BHNY is hosting a special community Kirtan and Spiritual Discourse today and all the proceeds will be donated to Standing Rock in North Dakota. I offer you some thoughts on why I feel this movement is important.
In graduate school, I took a class called The Future of Environmentalism. My professor created the class so together we could explore the environmental movement’s trajectory as we move deeper into the climate crisis. We read folks like David Abram and Johanna Macy (both highly recommended), Gandhi and writings from the Deep Green Resistance, a radical and violent group of environmentalists; and of course we read Bill McKibben, our modern day “every man” steward of the land and a self proclaimed “unlikely activist.” He started 350.org and created the campaign around the Keystone Pipeline, a massive pipeline would transport oil from Tar Sands up north through the middle of the country. Keystone was the centerpiece of the movement a few years ago, and now it’s Standing Rock.
Environmental issues and social justice are deeply intertwined. Those who have been marginalized and left out of society’s “advances” are generally groups that are most affected by environmental degradation and exploited for their resources. Folks from the Indian reservation, Standing Rock (and several other tribes have joined in, some of which have reconciled deep historical differences with Standing Rock), from across the nation and overseas have come together to stand up to the government and the oil industry to protect their sacred land and water. The 1,172 mile North Dakota Access Pipeline encroaches on indigenous lands and will contaminate the water source for the people on the reservation and millions of others in towns downstream, not to mention, contribute to carbon emissions and corporate greed of an arcane oil industry. We have been at the mercy of capitalism, corporations, Big Oil. Water has been contaminated by the coal and oil industry most recently in Charleston, West Virginia and Flint, Michigan, and countless other communities across the globe for centuries.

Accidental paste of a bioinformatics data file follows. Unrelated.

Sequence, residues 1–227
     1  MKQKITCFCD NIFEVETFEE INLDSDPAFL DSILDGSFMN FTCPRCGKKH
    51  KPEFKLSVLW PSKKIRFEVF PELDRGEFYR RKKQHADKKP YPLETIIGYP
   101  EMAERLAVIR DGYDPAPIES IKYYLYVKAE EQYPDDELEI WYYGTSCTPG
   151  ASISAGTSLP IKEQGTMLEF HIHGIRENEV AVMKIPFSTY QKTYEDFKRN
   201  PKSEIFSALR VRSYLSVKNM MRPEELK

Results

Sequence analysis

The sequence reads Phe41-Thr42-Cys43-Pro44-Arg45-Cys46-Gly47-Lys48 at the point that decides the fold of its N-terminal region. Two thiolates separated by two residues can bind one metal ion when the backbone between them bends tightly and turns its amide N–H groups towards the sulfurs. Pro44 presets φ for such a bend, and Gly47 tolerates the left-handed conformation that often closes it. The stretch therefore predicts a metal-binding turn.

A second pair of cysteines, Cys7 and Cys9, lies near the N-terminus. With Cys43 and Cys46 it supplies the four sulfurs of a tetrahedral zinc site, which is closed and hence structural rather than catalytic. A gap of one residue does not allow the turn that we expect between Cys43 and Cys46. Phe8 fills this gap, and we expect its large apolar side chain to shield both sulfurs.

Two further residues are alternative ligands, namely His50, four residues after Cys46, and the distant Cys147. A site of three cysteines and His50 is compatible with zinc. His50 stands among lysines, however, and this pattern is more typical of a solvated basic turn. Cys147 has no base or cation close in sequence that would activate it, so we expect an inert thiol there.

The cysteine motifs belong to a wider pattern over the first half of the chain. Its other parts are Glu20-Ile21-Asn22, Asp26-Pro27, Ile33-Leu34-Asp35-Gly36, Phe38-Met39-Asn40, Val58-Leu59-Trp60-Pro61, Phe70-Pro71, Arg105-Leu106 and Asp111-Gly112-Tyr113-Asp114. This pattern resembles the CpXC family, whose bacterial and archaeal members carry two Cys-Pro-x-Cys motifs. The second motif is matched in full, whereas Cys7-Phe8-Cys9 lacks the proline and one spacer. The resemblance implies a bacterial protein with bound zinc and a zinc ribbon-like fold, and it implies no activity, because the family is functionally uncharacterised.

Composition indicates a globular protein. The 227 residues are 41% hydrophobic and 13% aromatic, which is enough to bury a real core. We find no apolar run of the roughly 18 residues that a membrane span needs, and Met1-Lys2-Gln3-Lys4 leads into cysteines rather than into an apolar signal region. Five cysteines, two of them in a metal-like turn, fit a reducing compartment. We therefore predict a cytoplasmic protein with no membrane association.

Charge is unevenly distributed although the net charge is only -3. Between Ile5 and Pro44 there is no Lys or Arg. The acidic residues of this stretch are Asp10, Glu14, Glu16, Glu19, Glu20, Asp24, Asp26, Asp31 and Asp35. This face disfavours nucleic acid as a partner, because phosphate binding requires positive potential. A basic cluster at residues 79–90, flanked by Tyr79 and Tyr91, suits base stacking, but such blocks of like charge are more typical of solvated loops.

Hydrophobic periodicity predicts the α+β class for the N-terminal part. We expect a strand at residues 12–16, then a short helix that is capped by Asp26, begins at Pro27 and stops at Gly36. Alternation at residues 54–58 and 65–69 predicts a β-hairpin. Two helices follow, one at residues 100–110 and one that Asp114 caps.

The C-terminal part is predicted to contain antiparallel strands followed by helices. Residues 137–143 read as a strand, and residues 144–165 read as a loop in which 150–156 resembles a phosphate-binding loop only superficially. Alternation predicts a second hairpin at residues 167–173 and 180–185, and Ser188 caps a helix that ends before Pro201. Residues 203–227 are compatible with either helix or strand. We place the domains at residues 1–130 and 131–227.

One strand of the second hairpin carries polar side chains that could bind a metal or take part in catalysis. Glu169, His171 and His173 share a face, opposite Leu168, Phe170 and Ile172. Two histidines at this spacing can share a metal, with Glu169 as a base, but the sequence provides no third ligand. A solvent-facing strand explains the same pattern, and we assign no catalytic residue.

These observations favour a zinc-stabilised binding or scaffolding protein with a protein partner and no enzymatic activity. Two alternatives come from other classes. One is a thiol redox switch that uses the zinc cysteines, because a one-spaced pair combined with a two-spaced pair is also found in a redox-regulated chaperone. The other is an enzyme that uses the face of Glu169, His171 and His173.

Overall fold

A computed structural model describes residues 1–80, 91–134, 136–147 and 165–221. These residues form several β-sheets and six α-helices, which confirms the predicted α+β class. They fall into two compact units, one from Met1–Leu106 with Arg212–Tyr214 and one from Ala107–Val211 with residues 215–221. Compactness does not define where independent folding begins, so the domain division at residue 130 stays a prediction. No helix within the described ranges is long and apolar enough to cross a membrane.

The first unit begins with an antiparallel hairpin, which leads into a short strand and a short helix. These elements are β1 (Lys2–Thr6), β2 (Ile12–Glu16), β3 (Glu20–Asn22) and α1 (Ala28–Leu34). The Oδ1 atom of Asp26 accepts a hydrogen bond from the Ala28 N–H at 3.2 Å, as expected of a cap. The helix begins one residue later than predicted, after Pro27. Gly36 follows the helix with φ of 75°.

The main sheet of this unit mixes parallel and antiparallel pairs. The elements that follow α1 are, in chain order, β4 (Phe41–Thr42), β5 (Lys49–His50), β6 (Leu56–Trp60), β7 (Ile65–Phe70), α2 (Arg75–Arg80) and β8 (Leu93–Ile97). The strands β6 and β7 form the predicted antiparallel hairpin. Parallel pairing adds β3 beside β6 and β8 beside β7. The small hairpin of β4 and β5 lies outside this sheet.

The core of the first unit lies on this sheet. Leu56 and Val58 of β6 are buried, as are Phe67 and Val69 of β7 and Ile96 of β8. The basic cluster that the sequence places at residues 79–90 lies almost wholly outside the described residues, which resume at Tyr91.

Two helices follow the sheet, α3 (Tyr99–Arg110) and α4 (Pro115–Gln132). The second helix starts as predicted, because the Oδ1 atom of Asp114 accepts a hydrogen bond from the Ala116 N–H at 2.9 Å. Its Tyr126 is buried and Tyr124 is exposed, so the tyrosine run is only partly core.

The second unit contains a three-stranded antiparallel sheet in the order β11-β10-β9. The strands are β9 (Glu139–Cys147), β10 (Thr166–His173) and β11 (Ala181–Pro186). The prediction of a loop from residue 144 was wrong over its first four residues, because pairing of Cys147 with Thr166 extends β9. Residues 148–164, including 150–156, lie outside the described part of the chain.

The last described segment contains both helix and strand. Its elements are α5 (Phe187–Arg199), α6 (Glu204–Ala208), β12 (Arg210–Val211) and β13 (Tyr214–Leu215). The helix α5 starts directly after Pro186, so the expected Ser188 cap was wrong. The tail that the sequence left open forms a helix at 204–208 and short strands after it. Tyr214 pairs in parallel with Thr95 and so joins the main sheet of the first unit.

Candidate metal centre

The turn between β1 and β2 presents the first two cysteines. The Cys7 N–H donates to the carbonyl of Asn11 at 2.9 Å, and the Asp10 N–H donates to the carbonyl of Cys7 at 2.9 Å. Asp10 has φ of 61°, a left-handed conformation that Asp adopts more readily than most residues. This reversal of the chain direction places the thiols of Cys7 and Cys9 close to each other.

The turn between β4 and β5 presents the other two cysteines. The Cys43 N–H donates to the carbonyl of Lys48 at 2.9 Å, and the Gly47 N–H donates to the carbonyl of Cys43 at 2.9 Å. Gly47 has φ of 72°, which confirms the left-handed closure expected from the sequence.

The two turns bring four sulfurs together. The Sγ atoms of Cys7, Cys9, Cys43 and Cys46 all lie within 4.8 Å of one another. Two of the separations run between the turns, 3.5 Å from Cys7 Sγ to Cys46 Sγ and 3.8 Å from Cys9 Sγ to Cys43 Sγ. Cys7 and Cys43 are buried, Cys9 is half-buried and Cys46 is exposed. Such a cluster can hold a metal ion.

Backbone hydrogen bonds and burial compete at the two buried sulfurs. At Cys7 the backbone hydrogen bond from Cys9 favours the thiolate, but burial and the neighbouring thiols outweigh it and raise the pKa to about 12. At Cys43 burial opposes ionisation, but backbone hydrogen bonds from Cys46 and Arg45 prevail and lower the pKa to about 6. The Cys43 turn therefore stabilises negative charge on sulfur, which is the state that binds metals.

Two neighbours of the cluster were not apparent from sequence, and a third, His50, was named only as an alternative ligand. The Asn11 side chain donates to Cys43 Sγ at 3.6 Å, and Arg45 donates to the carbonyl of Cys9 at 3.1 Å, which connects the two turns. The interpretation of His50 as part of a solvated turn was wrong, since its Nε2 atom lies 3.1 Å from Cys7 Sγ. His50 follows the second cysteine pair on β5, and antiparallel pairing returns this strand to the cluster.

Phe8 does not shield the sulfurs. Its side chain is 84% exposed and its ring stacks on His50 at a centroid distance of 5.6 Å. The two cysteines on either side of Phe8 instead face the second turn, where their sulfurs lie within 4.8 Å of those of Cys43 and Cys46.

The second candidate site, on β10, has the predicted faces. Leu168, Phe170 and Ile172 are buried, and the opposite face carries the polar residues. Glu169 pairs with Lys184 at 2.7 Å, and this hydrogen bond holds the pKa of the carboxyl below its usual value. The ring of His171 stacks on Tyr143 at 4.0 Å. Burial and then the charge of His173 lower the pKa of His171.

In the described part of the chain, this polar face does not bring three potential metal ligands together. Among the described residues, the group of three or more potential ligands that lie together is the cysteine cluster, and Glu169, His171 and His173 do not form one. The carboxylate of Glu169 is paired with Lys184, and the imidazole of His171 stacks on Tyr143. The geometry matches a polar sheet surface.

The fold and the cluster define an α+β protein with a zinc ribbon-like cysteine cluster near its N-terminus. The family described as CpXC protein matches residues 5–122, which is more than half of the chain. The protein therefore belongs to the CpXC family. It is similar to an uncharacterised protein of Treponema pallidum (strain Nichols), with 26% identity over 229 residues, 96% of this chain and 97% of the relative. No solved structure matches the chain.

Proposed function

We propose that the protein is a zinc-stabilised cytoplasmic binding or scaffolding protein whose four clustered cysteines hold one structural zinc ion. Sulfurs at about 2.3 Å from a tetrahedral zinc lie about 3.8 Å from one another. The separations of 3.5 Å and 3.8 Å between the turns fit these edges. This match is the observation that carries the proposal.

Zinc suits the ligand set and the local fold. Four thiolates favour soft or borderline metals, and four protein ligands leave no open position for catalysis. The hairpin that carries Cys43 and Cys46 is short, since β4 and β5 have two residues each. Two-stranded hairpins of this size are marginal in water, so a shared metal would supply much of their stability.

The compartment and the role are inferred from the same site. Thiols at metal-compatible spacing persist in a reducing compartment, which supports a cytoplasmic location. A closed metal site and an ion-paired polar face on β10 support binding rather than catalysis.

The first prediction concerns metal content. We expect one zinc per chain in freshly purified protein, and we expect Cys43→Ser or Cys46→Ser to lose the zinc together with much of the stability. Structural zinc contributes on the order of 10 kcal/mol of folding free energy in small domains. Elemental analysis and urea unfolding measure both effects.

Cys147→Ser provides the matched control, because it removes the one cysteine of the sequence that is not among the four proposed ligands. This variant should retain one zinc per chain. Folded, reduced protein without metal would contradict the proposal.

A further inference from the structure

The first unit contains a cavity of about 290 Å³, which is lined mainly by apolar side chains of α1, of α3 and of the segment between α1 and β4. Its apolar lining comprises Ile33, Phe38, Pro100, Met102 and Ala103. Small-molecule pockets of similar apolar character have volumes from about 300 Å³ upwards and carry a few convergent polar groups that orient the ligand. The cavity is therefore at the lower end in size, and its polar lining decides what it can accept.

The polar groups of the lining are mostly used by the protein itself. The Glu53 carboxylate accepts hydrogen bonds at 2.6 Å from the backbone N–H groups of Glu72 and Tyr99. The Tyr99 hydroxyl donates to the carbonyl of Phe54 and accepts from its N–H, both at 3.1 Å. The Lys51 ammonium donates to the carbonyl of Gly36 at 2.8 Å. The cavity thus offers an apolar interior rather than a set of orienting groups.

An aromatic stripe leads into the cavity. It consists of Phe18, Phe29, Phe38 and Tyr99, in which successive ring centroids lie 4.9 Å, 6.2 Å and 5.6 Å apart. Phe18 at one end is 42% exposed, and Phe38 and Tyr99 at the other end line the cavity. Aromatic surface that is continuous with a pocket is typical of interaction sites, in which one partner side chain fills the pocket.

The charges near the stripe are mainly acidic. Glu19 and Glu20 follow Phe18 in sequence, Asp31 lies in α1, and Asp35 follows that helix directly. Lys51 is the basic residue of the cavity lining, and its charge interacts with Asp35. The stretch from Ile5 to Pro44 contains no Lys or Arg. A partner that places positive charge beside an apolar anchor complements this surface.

In the aftermath of a historically unique election, many are trying to make sense of it, the future feels uncertain, and resting in the present seems more difficult than usual. The collective mind has changed since the shift in political landscape. I’ve been talking to friends about how this (traumatic) change has brought a clarity of purpose and a reason to step up and be our best selves. As it relates to Standing Rock, now is the time to organize socially and go be a part of the movements you hold dear in your heart. I stand for Standing Rock.
In the abstract, beyond the oppression of indigenous people specifically and marginalized groups in general that has persisted since time immemorable, beyond Big Oil, the coal industry and corporate greed, beyond climate change and it’s urgent message to take better care of the planet, beyond politics, economics, environmentalism, social justice, etc., there is a fundamental need to unite, support and see each other in a way that moves beyond otherness. To me, climate change seemed like the appropriate issue to come together around, simply because if we don’t, we are only causing more harm (potentially irreparable) to ourselves, our families, and all of life. If we continue to extract resources from our beloved Mother Earth, we will dry her up and she will spit us out. Where will we go then? This beautiful Earth supports and holds us always. Our bodies are made of her body. When we weep for her and ask how we can help her heal, she hears us. Culturally, this knowing runs deep in the Native American reverence for Nature, for the Great Mother – this movement is about protecting her sacredness. Water is the blood of the Great Mother. Water is life.